A friend of mine argued for consequentialism “Whether an act is right or wrong depends only on the results of that act.”
First I thought: It makes sense. We cannot judge what were the thoughts (intentions) before the action. That (if possible) would be a route to “thought police”. Plus, the long tradition poetically put by Matthew 7:16 “By their fruit you will recognize them.”On second thought, there are three possible traps in this line of thinking:
- At the moment of making the decision, the only thing we know is what’s the planned outcome of our actions. So consequentialism may judge only (mostly) post factum – not very useful when you decide what to do next.
- About the result, how long ahead should we consider? Immediate, a day, a year, a generation, or an undefined future? Some actions have no long-lasting consequences some do. So if I would like to justify any action of mine I would claim that even the means are bad and probably the immediate result also, the long term consequences could be only described as a paradise for everybody. Stalin killed more than 20 million of his people in the name of some bright future (communism).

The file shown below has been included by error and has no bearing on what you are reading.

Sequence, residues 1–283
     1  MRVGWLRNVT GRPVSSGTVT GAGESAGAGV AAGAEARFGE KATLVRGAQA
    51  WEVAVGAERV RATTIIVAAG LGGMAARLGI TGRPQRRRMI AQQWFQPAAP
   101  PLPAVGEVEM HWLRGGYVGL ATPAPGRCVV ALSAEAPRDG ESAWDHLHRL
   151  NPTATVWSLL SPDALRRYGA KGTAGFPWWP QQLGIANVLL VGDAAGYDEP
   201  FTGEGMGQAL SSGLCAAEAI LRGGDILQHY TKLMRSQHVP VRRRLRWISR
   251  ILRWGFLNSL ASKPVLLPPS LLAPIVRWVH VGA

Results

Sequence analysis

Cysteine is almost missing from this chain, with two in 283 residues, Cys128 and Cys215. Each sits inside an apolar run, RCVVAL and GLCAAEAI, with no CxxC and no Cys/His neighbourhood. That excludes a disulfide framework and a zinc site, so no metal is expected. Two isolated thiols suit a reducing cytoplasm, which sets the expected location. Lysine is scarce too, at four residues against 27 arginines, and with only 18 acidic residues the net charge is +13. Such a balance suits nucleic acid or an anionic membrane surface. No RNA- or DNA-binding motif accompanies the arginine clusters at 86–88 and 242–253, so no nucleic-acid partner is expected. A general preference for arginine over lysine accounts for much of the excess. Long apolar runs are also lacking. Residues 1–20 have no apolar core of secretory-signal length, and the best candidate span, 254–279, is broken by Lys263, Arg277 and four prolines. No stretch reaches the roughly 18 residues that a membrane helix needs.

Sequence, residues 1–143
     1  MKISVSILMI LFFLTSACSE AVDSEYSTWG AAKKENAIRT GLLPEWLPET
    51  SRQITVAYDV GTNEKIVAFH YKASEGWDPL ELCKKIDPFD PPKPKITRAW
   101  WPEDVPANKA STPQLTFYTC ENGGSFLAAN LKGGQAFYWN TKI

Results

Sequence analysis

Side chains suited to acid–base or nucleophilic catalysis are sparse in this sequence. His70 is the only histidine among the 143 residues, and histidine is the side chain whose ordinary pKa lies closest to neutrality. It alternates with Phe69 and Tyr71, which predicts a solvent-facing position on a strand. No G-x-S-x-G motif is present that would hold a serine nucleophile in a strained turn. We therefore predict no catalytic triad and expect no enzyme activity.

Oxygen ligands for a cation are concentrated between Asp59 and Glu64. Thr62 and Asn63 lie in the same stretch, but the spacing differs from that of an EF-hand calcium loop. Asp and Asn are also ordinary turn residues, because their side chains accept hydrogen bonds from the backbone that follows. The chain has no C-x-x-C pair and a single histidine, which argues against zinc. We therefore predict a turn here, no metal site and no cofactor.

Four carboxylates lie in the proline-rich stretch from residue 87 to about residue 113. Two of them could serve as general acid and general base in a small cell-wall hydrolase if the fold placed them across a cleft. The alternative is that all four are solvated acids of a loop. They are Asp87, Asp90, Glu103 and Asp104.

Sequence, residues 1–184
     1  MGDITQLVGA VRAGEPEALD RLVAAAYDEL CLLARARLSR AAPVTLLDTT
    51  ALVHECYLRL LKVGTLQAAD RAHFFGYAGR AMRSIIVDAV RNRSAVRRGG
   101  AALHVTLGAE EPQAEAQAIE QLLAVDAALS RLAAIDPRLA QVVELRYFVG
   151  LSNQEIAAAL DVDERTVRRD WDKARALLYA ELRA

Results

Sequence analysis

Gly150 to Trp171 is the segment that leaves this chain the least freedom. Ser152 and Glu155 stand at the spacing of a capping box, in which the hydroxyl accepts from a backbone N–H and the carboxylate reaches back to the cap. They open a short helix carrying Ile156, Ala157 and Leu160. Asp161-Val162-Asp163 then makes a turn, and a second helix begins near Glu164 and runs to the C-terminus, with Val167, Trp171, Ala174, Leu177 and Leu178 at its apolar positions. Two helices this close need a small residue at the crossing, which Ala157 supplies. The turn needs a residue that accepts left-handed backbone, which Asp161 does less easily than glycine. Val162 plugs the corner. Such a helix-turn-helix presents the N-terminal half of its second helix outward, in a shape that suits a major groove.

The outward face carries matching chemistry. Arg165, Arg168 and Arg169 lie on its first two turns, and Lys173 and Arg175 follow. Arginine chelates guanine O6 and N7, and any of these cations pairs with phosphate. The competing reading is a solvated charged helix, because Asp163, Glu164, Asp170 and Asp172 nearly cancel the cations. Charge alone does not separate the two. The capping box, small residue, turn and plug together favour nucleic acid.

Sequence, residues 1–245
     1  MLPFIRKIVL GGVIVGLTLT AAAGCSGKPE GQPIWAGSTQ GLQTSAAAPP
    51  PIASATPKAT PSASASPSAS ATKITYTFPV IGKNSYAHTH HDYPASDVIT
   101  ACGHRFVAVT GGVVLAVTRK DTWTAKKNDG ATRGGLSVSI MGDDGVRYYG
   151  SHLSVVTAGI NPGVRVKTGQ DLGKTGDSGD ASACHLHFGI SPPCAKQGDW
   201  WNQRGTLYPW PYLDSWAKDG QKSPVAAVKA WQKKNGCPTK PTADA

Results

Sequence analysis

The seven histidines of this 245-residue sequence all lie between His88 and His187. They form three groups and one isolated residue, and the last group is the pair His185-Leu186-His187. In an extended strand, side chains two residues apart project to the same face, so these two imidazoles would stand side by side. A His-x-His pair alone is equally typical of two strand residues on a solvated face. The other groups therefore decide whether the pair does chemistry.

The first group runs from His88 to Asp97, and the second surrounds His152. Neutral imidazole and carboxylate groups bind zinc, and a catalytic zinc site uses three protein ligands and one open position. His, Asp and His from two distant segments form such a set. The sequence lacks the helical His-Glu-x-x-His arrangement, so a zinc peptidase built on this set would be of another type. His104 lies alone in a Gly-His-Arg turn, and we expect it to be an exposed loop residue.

- Considering too deep all the possible consequences of your actions could block you psychologically and prevent the action which is an involuntary action as well. That classifies consequentialism as not a very practical stance.
Bottom line: dangerous and impractical, NO thank you!